I suppose most of us look back at our childhood and have some good memories and some bad. I was a quiet boy in school, but I had saved my memories in a couple of books that I wrote. One is called The Brown and White and it is a fictional memoire of my high school days. I was in high school in the late 1960s in Chicago and I think in part that is what makes my story more compelling. By the time I got into college I decided to write this book–not necessarily to publish it, but to just record it–to spend some time on the exercise and create something.
I had been interested in writing. It took me over 30 years to craft The Brown and White. Meantime, I worked at a publishing house and I did a lot more living. I always thought I needed more experience to write something decent. I also read a lifetime of books in a couple decades. When I got serious about putting it all together, I found I had lost my copy of the book. I had to start all over, but I actually remembered much of it.
My memories didn’t die. For a while I thought time had passed me up. An Irish American life seems to have had its day in America with the likes of Frank McCourt and decades of others before him. In some ways I felt like an Italian-American author who had written a movie about gangsters just when people had enough Godfather movies and books in the genre to choke them.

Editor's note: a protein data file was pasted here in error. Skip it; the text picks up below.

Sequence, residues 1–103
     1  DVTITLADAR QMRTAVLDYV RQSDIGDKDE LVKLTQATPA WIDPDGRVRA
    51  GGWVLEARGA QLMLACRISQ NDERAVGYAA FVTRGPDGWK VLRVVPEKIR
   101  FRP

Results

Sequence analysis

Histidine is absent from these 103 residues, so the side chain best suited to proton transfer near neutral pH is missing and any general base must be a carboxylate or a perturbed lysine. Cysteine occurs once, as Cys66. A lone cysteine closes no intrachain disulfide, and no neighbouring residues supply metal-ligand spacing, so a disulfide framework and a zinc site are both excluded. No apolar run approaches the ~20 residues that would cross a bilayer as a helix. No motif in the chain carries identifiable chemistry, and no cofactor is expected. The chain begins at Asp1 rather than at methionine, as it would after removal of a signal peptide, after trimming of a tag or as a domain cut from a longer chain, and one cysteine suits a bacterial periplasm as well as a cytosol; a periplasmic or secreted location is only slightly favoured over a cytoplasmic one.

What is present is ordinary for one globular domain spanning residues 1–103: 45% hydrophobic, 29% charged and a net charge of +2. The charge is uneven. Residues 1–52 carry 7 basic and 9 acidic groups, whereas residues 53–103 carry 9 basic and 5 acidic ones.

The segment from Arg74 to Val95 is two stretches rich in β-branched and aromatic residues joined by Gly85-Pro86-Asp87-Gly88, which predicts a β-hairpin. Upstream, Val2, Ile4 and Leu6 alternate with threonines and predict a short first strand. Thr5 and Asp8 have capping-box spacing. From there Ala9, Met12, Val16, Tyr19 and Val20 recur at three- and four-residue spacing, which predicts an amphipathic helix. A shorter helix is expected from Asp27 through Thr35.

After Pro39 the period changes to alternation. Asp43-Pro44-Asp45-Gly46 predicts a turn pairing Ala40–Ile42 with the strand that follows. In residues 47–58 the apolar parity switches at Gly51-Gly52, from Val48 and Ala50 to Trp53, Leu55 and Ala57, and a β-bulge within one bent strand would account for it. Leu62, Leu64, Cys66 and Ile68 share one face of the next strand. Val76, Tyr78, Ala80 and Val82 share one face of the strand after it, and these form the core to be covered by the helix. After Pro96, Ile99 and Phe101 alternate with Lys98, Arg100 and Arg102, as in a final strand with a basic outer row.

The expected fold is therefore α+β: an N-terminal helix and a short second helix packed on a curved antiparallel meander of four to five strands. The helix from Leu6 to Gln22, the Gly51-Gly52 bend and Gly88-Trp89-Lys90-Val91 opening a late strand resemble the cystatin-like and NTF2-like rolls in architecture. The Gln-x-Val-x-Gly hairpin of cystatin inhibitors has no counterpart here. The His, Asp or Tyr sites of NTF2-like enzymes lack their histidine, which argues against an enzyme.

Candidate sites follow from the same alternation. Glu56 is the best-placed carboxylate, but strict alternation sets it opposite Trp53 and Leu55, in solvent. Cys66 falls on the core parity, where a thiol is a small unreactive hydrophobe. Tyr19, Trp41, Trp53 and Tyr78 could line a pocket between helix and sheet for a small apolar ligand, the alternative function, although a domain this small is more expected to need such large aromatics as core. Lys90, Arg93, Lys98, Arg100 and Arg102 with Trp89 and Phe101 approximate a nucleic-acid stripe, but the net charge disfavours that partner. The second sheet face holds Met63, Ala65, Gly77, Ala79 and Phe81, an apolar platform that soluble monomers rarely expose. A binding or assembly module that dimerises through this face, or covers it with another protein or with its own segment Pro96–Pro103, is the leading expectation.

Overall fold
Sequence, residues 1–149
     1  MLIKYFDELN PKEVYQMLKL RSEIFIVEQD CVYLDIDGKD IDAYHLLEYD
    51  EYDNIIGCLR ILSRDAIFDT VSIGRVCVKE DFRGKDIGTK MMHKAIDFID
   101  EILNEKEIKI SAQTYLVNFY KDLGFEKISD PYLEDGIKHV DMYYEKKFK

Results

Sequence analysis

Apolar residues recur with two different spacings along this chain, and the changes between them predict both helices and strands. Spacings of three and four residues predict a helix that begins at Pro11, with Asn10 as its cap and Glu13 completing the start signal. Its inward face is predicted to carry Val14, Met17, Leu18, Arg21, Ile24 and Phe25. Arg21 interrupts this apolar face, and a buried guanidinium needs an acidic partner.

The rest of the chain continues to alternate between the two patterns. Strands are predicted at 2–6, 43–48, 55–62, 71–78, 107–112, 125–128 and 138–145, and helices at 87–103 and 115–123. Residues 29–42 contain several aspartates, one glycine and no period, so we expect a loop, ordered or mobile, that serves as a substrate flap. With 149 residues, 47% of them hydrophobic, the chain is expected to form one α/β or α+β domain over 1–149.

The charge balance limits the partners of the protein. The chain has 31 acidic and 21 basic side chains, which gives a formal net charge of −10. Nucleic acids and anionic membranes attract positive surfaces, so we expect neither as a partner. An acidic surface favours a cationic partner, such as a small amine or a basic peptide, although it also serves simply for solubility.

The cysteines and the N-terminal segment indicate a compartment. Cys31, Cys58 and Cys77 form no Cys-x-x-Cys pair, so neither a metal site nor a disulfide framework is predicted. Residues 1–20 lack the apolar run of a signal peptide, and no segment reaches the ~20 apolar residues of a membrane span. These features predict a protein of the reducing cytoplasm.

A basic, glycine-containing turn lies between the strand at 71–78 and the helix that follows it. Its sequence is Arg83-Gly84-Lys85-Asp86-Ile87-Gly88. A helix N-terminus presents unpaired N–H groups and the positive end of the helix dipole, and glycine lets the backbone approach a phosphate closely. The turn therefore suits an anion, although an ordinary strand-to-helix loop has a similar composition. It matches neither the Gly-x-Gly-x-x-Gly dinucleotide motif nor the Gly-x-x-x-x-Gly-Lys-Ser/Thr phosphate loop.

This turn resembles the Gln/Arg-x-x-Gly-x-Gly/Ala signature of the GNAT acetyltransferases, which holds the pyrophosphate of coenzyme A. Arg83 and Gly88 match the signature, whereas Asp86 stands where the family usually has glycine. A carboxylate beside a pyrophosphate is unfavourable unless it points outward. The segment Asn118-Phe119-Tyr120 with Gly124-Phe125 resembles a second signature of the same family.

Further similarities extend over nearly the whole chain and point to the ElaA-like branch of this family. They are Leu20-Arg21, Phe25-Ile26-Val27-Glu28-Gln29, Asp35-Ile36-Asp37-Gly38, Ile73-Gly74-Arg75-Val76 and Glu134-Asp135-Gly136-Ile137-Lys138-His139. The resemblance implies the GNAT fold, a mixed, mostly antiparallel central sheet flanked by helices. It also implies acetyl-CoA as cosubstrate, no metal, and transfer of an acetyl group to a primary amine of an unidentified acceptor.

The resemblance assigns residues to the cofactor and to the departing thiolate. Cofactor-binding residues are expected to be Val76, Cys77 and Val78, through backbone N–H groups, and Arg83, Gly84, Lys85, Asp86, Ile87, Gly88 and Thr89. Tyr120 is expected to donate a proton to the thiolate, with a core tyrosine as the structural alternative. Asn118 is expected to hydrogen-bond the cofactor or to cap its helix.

Even though in the backdrop of my story was the racial turmoil of the King assassination and the American “troubles,” at times, I believed there was something of a Baby Boomer’s sitcom in my book. And then things changed in the world yet again and the book looked more current although certainly not as blood-and-guts visceral as much in literature today. In the end, I stuck to my story and let it rip.
And so The Brown and White was finally published.
Forty plus years in the making, The Brown and White is a fictionalized memoir that tells the story of Collin Callaghan’s freshman year at a Chicago Catholic High School. Collin is a white boy who is living in turbulent times in a changing city. He clings to his neighborhood and his family as he heads out each day with his classmates on the Brown and White, the ancient school bus driven by free-spirited Willie. Memorable characters abound as this story unfolds. Collin’s loveable family, especially his Irish Catholic policeman father and his Irish immigrant mother face life together. Collin and classmates blaze their own humorous and passionate trail through the late 1960s. A unique cast of terrific teachers are there to see the boys through. Laughs and life meet readers head on as they travel on The Brown and White.